With that expert’s list of ways to manage anxiety, the latest trendy mental health app and that “magical cure for depression” your aunt heard about on TV, it seems like everyone’s full of mental health advice these days.
So, we asked our mental health community to share pieces of advice they’ve actually found helpful. These little nuggets of wisdom aren’t FDA-approved, but when used correctly side effects may include: self-care, acceptance and a little more patience with yourself.
Here’s some advice that’s actually helped people with mental illness:
1. “On a particularly difficult day, I was trying to fight through an anxiety attack and finish all the child-related tasks I needed to complete. My husband kept offering help, and I kept refusing. He pulled me aside in the laundry room as I was frantically folding another load and said, “Just let me help you.” It doesn’t immediately make the anxiety go away, but it’s helped me learn to let go.” — Maria Heldreth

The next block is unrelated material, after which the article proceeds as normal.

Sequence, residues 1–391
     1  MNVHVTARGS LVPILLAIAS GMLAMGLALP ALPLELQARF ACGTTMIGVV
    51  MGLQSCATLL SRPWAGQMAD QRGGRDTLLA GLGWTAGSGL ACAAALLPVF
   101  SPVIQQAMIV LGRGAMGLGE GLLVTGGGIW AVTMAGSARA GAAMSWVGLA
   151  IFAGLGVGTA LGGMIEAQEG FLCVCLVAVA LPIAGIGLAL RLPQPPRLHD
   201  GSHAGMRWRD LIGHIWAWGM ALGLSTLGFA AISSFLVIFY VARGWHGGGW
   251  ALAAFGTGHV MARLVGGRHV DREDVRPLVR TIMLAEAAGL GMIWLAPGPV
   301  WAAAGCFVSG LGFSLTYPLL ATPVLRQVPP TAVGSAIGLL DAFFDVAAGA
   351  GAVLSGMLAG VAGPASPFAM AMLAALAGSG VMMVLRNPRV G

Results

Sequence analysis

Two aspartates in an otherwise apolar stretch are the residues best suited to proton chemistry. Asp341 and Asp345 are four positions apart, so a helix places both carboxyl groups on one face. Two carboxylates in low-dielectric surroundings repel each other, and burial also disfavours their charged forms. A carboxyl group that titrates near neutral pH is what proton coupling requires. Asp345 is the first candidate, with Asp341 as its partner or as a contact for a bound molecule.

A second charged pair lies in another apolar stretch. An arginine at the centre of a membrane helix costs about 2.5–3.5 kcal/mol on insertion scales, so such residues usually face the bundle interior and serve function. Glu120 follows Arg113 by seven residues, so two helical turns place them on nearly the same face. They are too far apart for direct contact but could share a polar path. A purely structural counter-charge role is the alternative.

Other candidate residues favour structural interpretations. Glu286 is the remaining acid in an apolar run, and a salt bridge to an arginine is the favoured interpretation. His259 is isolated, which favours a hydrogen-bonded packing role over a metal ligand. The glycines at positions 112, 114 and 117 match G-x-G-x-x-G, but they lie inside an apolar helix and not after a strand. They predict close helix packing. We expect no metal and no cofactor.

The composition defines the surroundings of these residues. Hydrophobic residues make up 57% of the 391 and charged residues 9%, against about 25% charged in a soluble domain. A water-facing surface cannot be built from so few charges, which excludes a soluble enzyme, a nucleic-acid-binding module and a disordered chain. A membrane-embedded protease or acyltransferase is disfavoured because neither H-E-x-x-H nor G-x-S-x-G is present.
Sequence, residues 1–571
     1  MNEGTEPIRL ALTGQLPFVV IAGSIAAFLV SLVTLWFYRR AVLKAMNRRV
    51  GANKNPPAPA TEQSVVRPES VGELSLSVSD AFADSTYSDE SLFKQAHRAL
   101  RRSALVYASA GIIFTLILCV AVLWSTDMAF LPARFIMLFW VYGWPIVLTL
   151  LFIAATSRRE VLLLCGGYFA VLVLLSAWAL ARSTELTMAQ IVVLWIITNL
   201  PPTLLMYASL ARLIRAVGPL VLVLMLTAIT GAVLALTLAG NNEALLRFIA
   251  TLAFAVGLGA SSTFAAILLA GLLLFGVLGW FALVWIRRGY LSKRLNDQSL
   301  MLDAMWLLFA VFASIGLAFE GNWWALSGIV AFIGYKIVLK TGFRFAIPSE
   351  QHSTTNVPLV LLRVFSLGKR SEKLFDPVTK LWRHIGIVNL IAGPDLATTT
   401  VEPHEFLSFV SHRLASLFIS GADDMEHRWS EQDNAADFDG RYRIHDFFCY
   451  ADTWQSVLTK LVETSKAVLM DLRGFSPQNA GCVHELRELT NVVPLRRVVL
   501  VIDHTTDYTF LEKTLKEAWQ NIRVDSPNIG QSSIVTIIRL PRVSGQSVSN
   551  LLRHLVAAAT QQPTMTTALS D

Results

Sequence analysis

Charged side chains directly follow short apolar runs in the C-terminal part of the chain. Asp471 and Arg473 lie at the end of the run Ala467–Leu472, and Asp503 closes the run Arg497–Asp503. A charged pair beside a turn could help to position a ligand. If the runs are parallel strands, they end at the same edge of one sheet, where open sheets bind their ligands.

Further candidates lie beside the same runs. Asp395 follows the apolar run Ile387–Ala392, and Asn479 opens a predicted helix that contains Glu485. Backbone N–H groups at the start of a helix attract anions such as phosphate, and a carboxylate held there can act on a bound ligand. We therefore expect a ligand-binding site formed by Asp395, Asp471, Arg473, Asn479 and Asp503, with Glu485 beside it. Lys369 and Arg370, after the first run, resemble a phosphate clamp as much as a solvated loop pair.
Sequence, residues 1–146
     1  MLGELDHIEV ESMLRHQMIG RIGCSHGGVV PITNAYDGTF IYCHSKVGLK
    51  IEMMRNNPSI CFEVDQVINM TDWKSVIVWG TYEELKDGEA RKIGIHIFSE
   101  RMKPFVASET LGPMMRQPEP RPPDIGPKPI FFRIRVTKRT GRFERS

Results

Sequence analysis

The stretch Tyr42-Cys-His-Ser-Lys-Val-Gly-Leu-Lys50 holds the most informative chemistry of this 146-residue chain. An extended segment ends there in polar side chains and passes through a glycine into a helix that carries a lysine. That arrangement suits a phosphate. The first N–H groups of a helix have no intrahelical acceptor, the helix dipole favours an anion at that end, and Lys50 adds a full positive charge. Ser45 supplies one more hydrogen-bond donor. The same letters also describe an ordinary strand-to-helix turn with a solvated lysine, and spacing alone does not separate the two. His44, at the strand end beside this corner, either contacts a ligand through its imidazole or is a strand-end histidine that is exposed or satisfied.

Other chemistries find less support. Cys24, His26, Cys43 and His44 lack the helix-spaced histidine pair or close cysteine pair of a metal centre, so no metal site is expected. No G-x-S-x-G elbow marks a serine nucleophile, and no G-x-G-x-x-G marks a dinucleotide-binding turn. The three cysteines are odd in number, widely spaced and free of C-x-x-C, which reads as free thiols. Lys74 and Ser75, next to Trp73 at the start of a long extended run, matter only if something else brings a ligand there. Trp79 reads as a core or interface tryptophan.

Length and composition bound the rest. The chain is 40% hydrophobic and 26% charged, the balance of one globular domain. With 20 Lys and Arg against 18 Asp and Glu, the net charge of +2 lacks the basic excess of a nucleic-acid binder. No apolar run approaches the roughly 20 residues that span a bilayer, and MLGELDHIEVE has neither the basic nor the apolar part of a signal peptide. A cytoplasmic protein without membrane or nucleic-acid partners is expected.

2. “Don’t wait. See a doctor. Don’t be afraid to ask for help. Don’t be embarrassed. Chances are, someone knows exactly what you’re going through.” — Kristin Salber
3. “I have depression and anxiety (as well as other chronic medical conditions), and after the worst week I’ve had in a while, my doctor said,“Find something you enjoy, and if you can’t find that, find the joy in something.” This really had an impact on me and still reminds me to look for a silver lining.” — Faith Merryn
4. “I have generalized anxiety disorder, and I made friends with someone who’s extremely similar to me. She told me to always be myself and the people who truly care will stick around. It truly did help.” — Julia Ann Lange
5. “Words can hurt to say, but they need to come out. Write all those words down on paper.” — Melissa Cote
6. “A friend recently told me that no matter if I get a job one day or not,your life matters as long as you can make people smile. When I think of it that way, it’s easier to see my life as something of worth.” — Emma Wozny
7. “A great therapist I had told me to focus on ‘harm-reduction, not perfection.’ I felt like I was expected to magically ‘get better,’ and she helped me learn that starting with baby steps was totally OK.” — Jen Decker